Trump to nominate former Monsanto exec to top Interior position

Trump to nominate former Monsanto exec to top Interior position
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President TrumpDonald John TrumpREAD: Transcript of James Comey's interview with House Republicans Klobuchar on 2020: ‘I do think you want voices from the Midwest’ Israel boycott fight roils Democrats in year-end spending debate MORE plans to nominate a former Monsanto executive to a top position in the Department of the Interior, the White House announced Monday.

Trump will nominate Aurelia Skipwith to be the director of the U.S. Fish and Wildlife Service (FWS). She is currently the deputy assistant secretary for fish, wildlife and parks, a position she was appointed to last year. In that role, she is responsible for the protection of lands and water in national parks and the wildlife refuge system.

Skipwith is a biologist and lawyer who spent more than six years at agriculture giant Monsanto. She joined the Department of Agriculture in 2013.

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As head of FWS, Skipwith would be responsible for areas like the Trump administration’s policies for importing trophies from elephant hunts, the nation’s more than 560 refuges and the administration’s efforts to make Endangered Species Act enforcement better for industry. The FWS said last week that it plans to finalize those changes in November.

Skipwith said in a statement that she’s honored to be picked.

“During the past 18 months as deputy assistant secretary, I have had the distinction to work with dedicated people of the service to ensure the implementation of this administration’s and Secretary Zinke’s policies to protect our species, increase public access, and ensure science is at forefront of our decisions,” she said in a statement. “If confirmed, I look forward to the opportunity to lead the service in achieving a conservation legacy second only to President Teddy Roosevelt.”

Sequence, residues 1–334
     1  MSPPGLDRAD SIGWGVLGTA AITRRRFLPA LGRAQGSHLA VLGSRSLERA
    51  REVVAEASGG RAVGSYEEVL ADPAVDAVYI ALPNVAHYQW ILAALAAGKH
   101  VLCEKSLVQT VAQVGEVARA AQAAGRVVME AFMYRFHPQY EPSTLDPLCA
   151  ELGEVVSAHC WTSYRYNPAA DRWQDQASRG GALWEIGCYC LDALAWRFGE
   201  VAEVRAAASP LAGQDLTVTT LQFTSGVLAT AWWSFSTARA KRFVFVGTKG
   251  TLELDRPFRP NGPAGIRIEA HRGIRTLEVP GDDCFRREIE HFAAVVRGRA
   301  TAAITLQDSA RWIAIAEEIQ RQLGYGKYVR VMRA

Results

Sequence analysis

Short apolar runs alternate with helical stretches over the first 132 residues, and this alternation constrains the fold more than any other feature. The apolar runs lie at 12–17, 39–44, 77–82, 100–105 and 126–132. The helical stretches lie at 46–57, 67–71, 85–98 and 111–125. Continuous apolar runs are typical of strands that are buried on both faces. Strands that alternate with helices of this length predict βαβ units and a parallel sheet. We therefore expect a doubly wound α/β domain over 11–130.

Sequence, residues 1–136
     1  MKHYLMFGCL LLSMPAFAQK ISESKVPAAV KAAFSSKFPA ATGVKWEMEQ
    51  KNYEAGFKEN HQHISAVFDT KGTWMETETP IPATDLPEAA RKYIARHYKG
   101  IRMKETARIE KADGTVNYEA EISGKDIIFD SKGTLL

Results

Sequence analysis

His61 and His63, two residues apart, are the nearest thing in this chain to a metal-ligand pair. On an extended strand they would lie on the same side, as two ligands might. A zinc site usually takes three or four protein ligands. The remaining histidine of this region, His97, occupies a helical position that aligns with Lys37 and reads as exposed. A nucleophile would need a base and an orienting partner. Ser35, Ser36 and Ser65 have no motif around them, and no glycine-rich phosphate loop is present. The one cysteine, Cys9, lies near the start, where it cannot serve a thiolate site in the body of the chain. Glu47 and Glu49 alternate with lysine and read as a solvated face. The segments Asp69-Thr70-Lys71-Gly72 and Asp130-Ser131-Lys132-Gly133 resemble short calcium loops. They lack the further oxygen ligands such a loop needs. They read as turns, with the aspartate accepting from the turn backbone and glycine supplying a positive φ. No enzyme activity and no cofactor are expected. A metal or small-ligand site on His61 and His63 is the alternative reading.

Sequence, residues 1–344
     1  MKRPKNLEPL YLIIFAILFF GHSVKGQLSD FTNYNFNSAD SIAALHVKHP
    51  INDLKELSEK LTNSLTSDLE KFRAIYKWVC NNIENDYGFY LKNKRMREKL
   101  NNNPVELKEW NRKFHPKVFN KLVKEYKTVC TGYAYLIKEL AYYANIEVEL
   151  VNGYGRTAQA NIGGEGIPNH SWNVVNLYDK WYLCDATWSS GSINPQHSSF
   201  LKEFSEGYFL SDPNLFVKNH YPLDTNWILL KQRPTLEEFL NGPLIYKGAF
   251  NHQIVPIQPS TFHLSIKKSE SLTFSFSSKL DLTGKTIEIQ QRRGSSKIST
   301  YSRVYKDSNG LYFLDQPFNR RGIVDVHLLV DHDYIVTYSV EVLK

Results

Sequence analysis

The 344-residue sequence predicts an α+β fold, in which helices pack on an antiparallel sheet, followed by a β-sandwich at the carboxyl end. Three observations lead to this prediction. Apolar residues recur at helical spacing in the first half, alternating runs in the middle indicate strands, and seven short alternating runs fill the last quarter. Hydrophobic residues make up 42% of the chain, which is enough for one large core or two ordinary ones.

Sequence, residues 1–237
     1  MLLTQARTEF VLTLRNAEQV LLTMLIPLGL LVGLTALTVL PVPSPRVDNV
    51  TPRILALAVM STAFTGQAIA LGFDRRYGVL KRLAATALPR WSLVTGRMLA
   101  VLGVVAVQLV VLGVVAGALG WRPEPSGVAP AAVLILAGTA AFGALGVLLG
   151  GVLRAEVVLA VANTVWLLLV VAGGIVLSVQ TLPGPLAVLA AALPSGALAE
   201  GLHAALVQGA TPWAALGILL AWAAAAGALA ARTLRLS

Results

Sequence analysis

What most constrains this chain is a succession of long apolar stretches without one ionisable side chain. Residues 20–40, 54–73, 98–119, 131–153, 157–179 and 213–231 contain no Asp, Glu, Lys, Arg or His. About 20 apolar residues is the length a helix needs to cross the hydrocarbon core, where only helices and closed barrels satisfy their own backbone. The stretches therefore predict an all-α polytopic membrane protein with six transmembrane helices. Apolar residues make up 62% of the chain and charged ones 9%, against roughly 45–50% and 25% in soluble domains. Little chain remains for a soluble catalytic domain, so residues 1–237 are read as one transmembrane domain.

Interior Secretary Ryan ZinkeRyan Keith ZinkeUndoing the damage Pruitt and Zinke did to our environment The Hill's 12:30 Report — Flynn awaits sentencing | White House signals it wants to avoid shutdown The Hill's Morning Report — What a shutdown would mean for the government MORE said Skipwith is a “passionate conservationist,” and would be an “incredible” FWS director.

“She has helped lead some of my top priorities for getting more people to enjoy our public lands, like expanding access for hunting and fishing, recognizing National Urban Refuge Day, and designating sites on the African American Civil Rights Network,” he said.

Conservationists, however, criticized her selection.

The Center for Biological Diversity said Skipwith would be the “most unqualified” FWS director in the agency’s history.

“Aurelia Skipwith has been working in the Trump administration all along to end protections for billions of migratory birds, gut endangered species safeguards and eviscerate national monuments,” Brett Hartl, government affairs director at the conservation group, said in a statement. “Skipwith will always put the interests of her old boss Monsanto and other polluters ahead of America’s wildlife and help the most anti-environmental administration in history do even more damage.”

Updated on Tuesday at 1:26 p.m.